Unable to post on WordPress for days, usual story. I may have to come back and insert links later.
The great Irish poet Seamus Heaney dead at 74 and I feel cheated of poems he might still have written. Since I first read his poetry as a schoolgirl, I have come back again and again to certain poems and listened intently to his Nobel Prize speech in 1995, Crediting Poetry, in which he talked of the truth found in poems:
To begin with, I wanted that truth to life to possess a concrete reliability, and rejoiced most when the poem seemed most direct, an upfront representation of the world it stood for or stood up for or stood its ground against. Even as a schoolboy, I loved John Keats’s ode “To Autumn” for being an ark of the covenant between language and sensation; as an adolescent, I loved Gerard Manley Hopkins for the intensity of his exclamations which were also equations for a rapture and an ache I didn’t fully know I knew until I read him; I loved Robert Frost for his farmer’s accuracy and his wily down-to-earthness; and Chaucer too for much the same reasons. Later on I would find a different kind of accuracy, a moral down-to-earthness to which I responded deeply and always will, in the war poetry of Wilfred Owen, a poetry where a New Testament sensibility suffers and absorbs the shock of the new century’s barbarism. Then later again, in the pure consequence of Elizabeth Bishop’s style, in the sheer obduracy of Robert Lowell’s and in the barefaced confrontation of Patrick Kavanagh’s, I encountered further reasons for believing in poetry’s ability—and responsibility—to say what happens, to “pity the planet,” to be “not concerned with Poetry.”
And all weekend I lay in bed with bronchitis, coughing into my pillow and watching red-winged starlings feeding on ripe fruit in the loquat tree outside my bedroom window. The housemate’s results show no cancer in her lung, no TB, but a problematic carbon build-up ( she doesn’t smoke so this is baffling) and a persisting unknown infection. More tests this week. Moving into challenging times, thinking again about how we grow old, how we adjust to change, how we are caught up in that chilly swift river and carried through life and beyond.
A cold beginning to spring and on Friday I had to go out to the gate in icy rain to collect a large sack of venison from a local farmer just back from hunting in the northern Richtersveld. This isn’t leisure hunting for amateurs or potshots at farmed deer: in an eco-conservation project, eland, kudu and springbok herds need to be culled in areas where natural predators can’t keep numbers down so expert marksmen on foot track the herds through the veld and mountains. It is important that the wild animals not suffer and they know what they are doing. While the farmer in his battered felt hat and rainjacket told me his grandmother’s recipes, I gingerly held the great sack of venison away from me and shivered, coughing and spluttering. It is a good addition to the pantry but I went back into the kitchen to disinter the deep freeze wishing I could live on courgette risotto or grilled broccoli.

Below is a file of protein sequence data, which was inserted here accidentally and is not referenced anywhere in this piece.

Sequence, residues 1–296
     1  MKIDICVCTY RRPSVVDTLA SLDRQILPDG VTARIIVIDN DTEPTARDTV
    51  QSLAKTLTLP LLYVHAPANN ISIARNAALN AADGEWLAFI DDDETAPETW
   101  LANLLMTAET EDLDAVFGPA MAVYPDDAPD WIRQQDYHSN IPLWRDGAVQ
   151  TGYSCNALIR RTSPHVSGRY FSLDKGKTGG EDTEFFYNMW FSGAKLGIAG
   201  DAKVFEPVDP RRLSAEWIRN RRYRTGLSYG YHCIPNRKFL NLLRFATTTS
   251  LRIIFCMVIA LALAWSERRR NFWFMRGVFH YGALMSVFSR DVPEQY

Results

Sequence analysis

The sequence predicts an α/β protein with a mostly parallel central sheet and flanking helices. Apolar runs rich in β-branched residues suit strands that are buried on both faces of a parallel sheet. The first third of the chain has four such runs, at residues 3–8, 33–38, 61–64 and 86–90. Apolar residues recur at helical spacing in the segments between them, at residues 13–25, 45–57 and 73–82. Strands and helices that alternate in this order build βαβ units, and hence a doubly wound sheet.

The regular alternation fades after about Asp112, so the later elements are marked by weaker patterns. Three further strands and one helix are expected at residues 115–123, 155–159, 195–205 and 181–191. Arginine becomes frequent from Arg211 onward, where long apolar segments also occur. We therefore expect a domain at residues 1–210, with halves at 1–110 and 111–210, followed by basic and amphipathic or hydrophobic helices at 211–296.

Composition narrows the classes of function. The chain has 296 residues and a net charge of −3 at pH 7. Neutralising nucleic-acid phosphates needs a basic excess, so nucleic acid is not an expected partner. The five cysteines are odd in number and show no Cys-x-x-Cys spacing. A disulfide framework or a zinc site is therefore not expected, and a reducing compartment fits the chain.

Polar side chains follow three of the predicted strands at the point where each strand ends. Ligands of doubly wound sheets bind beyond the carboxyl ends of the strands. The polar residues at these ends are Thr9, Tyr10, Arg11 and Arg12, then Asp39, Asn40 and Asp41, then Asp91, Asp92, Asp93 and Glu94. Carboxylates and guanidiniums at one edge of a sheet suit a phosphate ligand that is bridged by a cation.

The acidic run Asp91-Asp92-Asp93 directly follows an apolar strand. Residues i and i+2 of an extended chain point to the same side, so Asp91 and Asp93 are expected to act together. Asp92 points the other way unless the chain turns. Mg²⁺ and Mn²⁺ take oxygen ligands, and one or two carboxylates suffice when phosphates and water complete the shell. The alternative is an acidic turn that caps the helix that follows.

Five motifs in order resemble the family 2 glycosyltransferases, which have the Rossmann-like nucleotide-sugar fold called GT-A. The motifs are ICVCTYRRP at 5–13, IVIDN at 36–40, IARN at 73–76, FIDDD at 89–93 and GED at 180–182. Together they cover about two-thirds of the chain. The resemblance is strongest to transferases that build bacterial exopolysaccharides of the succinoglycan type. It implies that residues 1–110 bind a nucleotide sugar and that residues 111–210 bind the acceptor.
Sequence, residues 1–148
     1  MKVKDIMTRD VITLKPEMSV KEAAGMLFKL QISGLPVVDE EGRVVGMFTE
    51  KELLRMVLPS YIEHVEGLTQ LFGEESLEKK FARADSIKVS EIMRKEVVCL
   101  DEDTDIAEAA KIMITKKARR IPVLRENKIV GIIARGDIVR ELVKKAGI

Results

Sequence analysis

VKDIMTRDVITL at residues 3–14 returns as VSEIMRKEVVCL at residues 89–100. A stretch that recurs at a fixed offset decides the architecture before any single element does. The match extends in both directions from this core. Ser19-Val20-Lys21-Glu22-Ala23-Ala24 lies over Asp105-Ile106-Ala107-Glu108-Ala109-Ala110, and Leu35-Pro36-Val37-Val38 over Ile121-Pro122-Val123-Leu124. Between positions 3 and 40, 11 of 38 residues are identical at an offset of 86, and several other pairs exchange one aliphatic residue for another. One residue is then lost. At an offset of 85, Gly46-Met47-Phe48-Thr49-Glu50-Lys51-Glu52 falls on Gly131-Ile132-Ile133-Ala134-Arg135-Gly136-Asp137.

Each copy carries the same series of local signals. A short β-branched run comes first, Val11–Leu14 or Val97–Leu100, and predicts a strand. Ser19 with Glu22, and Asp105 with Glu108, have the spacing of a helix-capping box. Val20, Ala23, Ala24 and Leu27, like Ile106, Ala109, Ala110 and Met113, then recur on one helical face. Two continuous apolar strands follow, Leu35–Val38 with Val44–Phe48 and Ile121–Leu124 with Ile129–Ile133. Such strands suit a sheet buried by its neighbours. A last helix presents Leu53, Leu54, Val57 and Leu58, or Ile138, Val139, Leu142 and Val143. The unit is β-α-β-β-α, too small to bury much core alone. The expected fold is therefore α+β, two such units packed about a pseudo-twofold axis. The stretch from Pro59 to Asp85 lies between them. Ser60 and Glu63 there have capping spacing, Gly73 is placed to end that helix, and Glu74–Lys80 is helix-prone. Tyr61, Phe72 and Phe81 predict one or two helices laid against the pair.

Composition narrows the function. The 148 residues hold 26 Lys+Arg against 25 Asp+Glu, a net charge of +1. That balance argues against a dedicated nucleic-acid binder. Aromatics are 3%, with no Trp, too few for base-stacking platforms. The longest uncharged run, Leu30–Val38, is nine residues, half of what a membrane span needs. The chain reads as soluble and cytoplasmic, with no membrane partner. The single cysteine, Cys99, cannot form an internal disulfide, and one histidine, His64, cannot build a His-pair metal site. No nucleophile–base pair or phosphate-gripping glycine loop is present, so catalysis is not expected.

My favourite Heaney poem
For Michael Longley
As a child, they could not keep me from wells
And old pumps with buckets and windlasses.
I loved the dark drop, the trapped sky, the smells
Of waterweed, fungus and dank moss.
One, in a brickyard, with a rotted board top.
I savoured the rich crash when a bucket
Plummeted down at the end of a rope.
So deep you saw no reflection in it.
A shallow one under a dry stone ditch
Fructified like any aquarium.
When you dragged out long roots from the soft mulch
A white face hovered over the bottom.
Others had echoes, gave back your own call
With a clean new music in it. And one
Was scaresome, for there, out of ferns and tall
Foxgloves, a rat slapped across my reflection.
Now, to pry into roots, to finger slime,
To stare, big-eyed Narcissus, into some spring
Is beneath all adult dignity. I rhyme
To see myself, to set the darkness echoing.
Heaney wasn’t a poet I talked about that much by contrast with other poets, Elizabeth Bishop or Emily Dickinson, but he was part of the climate of my thinking and noticing, the act of remembering. For some of us, learning from nature, like learning from relationships, is akin to learning from poetry. And Seamus Heaney had a great naturalist’s feel for the landscape into which he was born, plain and muddy spaces brimming with the numinous.
At Heaney’s funeral, his son Michael spoke briefly to thank those who cared for his father and those who have offered support and praise since his death.
He revealed that his father had sent a text message to his mother, Marie, last Friday.
“His last few words in a text message minutes before he passed away, in his favourite Latin were “nolle timere” (‘don’t be afraid’),” he said.
Don’t be afraid. What else need be said?